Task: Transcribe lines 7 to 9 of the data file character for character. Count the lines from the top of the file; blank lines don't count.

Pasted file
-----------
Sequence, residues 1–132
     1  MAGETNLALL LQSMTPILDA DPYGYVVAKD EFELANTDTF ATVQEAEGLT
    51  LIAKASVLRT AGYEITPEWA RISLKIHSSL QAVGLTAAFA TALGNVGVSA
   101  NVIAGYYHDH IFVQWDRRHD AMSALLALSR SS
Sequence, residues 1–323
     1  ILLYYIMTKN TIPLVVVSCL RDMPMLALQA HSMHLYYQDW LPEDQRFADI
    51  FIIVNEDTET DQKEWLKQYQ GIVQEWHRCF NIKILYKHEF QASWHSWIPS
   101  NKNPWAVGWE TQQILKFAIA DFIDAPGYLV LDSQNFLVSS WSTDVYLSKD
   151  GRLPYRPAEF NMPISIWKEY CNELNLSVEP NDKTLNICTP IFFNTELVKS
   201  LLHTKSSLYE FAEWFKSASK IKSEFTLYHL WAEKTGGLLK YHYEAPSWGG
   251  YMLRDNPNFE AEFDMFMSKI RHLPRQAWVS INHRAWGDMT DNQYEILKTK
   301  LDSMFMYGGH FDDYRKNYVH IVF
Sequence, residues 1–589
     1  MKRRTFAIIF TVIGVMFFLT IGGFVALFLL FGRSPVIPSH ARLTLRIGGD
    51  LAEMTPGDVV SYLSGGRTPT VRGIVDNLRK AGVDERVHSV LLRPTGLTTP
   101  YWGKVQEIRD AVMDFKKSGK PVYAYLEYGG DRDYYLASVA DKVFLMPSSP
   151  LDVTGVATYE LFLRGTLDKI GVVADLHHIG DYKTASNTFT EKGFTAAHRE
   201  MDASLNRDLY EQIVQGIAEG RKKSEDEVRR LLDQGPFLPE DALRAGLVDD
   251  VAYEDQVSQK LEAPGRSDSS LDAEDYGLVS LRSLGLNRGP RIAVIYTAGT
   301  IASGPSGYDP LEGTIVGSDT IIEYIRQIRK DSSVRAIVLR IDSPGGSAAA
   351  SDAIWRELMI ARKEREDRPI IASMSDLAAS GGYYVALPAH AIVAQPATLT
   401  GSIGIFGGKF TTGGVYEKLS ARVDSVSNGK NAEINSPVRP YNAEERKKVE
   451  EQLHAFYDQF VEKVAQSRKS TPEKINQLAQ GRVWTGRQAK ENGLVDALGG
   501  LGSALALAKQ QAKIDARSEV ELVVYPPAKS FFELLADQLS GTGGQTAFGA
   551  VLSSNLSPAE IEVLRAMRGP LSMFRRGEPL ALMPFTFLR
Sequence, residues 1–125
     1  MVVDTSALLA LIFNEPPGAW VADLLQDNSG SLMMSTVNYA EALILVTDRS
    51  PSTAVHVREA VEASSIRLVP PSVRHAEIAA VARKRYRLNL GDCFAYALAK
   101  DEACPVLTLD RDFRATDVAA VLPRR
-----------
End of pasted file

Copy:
    51  FIIVNEDTET DQKEWLKQYQ GIVQEWHRCF NIKILYKHEF QASWHSWIPS
   101  NKNPWAVGWE TQQILKFAIA DFIDAPGYLV LDSQNFLVSS WSTDVYLSKD
   151  GRLPYRPAEF NMPISIWKEY CNELNLSVEP NDKTLNICTP IFFNTELVKS